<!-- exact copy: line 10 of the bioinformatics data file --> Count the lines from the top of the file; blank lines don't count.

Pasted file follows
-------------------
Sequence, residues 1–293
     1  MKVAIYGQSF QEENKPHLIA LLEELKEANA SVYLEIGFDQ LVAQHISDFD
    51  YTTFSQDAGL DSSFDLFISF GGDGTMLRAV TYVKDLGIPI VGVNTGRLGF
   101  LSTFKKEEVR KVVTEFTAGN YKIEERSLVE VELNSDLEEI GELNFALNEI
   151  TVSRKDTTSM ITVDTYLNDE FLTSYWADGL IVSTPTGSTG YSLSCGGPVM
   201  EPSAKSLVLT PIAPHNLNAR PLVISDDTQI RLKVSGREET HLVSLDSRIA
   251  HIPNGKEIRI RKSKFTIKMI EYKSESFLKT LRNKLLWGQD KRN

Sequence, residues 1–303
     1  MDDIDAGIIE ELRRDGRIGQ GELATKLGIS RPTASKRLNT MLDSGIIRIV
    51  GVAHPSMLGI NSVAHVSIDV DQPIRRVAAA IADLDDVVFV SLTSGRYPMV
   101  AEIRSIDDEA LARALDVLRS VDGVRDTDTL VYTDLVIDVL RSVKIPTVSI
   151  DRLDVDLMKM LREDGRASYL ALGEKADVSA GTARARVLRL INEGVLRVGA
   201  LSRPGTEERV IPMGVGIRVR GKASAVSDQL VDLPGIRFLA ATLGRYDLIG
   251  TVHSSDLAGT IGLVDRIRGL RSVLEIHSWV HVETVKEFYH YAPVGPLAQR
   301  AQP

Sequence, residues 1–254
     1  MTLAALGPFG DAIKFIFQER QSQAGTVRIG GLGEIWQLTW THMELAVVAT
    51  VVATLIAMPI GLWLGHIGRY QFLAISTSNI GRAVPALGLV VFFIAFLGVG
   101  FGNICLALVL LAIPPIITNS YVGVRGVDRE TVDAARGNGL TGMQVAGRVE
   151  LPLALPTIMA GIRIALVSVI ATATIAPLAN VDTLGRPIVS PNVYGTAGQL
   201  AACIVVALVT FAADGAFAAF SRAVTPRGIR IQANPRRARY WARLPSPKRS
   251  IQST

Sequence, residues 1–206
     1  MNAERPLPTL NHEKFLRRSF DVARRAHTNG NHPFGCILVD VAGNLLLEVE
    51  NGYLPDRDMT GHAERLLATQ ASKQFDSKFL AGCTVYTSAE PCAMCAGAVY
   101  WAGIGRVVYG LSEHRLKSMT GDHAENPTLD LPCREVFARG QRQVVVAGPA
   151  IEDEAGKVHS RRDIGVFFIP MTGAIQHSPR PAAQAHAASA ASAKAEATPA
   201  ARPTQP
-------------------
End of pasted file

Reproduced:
    51  GVAHPSMLGI NSVAHVSIDV DQPIRRVAAA IADLDDVVFV SLTSGRYPMV